I broke out the bonnet again and completed metal-prepping the steel portions with rust inhibitor (Photo 1).  Looks fairly good.  Next step will be to clean up the rest of the aluminum portions and spray the whole works with some of the good etching primer to prepare it for paint.  On the other side, I cleaned the surface up to remove any old primer that was left over from when I did the surface work months ago.  It is pretty much ready for primer as well.

 

I then started on the boot lid (Photo 2).  First round was to use paint stripper to get rid of the original paint.  The original paint looked like it was painted during a dust storm, it was almost like sand paper!  I'll be doing the same procedure here, with cleaning up the steel first.  Most of the steel portions still had paint on them, so I should be able to get to bare metal easily, then just hit it with primer, no rust inhibitor.

 

In between, I've been restoring all the various brackets, hinges, hardware, and prop rods.  Here's the bonnet prop rod and hardware (Photo 3).  These were originally in black medium gloss primer and installed and painted while on the body, wit h the bonnet and boot propped open.  Only a little body paint got on the tops and bottom of these, they were mostly left in black.  I'll try reproduce that when the car is painted.

 

Last, I reached out to a mobile sand blasting company to try to get an estimate to blast the body.  Will probably wait until the summer or even fall before I do it, as I'm pretty much out of money for the MG.

 

Cheers.

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Edited by hursst (see edit history)
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Unfortunately you are having many of the same problems with repro parts as I have had over the years. I generally avoid Moss parts except as a last resort. My cars are always just drivers so I try to find the best used example I can out of my MGA parts pile when something needs replacing.

I have parted 3 of them over the years so I can often come up with something. But my stock has definitely run down considerably from what it once was.  A good friend also runs an A and we dip into my stash as necessary.

 You will find that the more you can do yourself the fewer mistakes will be made. Your engine problems are unfortunately all to typical these days. I never send anything out except as basic parts , for example the head with valves by itself , the block as a piece for boring and piston

fitting, the crank for inspection and polishing.  If balancing is desired { a good idea } I take the necessary parts to the balancing shop myself.

And re -assembly I always done by yours truly. These are very simple engines , no reason why a first timer that follows the factory manual can't successfully do a re- assembly themselves. All those  " British car " mechanics had to learn somewhere myself included. 

I did my first engine , a MGB 3 main at 17 . It gave years of service afterwards. By age 20 I had also overhauled several gearboxes both for myself and friends. The manual is very well written, just follow it closely and use intelligence when working around NLA special factory tools.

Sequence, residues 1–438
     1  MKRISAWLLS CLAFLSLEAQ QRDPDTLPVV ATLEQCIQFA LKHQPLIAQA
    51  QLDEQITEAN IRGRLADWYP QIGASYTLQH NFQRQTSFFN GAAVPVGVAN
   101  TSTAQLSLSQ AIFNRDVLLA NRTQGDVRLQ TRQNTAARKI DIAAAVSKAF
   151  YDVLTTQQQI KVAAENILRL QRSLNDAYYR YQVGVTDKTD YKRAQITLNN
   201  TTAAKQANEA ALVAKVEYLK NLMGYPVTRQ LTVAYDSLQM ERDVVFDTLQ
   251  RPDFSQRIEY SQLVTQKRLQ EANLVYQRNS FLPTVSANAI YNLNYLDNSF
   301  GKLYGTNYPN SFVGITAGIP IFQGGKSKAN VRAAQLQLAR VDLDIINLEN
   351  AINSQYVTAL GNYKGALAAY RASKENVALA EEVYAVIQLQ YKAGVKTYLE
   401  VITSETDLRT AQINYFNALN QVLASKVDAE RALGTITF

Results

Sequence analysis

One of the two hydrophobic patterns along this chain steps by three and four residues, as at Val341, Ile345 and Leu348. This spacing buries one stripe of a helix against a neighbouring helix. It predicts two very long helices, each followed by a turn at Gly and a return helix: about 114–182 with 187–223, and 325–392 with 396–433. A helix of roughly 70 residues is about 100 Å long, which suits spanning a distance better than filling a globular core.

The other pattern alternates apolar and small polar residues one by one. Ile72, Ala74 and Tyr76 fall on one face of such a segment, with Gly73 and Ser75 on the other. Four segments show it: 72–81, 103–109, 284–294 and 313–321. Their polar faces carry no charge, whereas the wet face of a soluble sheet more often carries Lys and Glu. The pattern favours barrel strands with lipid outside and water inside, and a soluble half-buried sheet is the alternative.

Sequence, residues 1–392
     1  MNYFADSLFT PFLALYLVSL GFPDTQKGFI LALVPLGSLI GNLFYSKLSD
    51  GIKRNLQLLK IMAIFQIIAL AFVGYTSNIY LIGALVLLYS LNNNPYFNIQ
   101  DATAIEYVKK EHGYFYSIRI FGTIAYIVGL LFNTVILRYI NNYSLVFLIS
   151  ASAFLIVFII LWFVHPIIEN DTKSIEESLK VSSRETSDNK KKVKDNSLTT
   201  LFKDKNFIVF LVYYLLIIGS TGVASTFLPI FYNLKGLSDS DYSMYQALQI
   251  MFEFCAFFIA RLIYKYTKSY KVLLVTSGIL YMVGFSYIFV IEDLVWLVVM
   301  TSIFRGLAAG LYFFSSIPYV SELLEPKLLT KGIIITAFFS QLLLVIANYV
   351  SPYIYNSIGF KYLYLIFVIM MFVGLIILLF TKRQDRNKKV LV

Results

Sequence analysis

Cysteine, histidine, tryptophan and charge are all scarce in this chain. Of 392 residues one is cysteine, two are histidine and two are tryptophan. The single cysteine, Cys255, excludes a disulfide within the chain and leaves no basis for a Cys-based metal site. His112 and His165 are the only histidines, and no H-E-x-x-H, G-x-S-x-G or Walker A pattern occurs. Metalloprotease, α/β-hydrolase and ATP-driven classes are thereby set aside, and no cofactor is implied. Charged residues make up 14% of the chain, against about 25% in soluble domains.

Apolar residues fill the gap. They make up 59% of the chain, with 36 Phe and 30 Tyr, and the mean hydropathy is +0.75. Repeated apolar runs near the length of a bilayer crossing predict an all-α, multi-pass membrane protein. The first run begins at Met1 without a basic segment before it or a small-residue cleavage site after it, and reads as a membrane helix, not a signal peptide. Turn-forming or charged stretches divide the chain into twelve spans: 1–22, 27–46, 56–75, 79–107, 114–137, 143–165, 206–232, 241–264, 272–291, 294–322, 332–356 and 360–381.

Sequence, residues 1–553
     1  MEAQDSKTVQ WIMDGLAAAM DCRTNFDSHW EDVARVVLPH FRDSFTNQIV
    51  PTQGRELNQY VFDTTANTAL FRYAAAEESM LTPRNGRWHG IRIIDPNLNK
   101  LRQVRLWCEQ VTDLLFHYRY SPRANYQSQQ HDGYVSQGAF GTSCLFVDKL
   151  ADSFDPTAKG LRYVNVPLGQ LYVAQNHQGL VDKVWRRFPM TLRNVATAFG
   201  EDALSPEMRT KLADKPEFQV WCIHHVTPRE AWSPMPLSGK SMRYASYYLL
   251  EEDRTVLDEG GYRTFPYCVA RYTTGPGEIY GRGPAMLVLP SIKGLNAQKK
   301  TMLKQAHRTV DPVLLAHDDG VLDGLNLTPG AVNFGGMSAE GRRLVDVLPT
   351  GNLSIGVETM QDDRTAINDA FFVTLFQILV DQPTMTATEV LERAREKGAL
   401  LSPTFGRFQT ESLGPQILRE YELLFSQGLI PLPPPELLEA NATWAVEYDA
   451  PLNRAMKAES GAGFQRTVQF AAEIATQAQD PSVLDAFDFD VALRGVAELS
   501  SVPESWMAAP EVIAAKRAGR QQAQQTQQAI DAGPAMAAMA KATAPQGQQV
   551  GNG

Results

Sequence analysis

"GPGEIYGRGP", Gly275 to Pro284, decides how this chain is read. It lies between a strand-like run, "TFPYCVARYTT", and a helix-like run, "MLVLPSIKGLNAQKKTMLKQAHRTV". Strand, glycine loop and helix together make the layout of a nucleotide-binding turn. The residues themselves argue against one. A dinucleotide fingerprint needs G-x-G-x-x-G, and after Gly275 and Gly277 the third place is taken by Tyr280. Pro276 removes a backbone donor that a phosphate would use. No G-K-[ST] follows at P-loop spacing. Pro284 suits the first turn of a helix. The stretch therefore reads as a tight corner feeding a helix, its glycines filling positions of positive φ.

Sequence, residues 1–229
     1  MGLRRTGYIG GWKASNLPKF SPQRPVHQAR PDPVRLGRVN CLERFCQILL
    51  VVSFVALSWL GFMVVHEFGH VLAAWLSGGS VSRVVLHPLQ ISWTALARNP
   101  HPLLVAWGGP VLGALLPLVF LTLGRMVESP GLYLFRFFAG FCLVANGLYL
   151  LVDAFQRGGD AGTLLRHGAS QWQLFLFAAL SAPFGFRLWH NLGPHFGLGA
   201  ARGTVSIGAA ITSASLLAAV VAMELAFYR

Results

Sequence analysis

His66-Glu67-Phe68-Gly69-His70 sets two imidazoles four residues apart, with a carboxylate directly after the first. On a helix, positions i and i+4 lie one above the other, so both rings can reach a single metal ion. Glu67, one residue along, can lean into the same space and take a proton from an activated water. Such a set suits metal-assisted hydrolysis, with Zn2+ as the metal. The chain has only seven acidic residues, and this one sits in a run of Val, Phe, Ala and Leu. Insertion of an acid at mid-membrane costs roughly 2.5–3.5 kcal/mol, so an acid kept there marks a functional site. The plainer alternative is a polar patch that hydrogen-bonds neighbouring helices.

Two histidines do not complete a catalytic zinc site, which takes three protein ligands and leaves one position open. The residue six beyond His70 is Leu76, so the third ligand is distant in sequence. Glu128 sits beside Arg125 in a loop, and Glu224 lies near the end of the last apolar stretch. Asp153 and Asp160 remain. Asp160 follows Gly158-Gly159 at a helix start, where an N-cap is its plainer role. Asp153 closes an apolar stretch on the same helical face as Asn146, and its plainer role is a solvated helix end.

Very few of the "British " shops have them these days either. 

It looks like things are moving along. Just remember the skills you master now will put you in a good position for the rest of your life. 45 years since I bought my first A. I am hoping for another 20 years before my MG days are over.

 

Greg in Canada

 

 

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hursst, looks great up on all fours! Really nice work. John

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17 hours ago, 1912Staver said:

Just remember the skills you master now will put you in a good position for the rest of your life.

 

A excellent and useful post. There are many of us who have trod Greg's path and gained a lot of skills on the way.

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Thanks for the tips and encouragement, gentlemen!

 

Saturday was a pretty good day out in the garage.  I got the hood in primer, so it is now ready for a final sanding, I think, before paint (Photos 1 & 2).  I'll be putting all the hardware back on today, as these parts were originally painted as installed on the car.  I'll be setting it aside and continuing on the trunk lid.  Want to try to get the hood, trunk lid, and doors in primer before I tackle the body, although it will probably be delayed due to pollen season.  Hood turned out very nice overall.

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Later in the day, I decided to primer the front valance panel and see how it looks (Photo 2).  It certainly turned out better than I thought it would, with my limited hammering and metal skills. It's far better than where it started, looking like a pretzel, but it's not quite there yet, not ready for prime time.  Still has some issues from the metal being effectively folded and it has some contour inconsistencies.  I think "good enough" may work eventually, as you can't really see this piece when the car is together, but I don't think it's good enough yet.  I'll set it aside and revisit.  I may pass it to a professional if I can't get it to where I want it.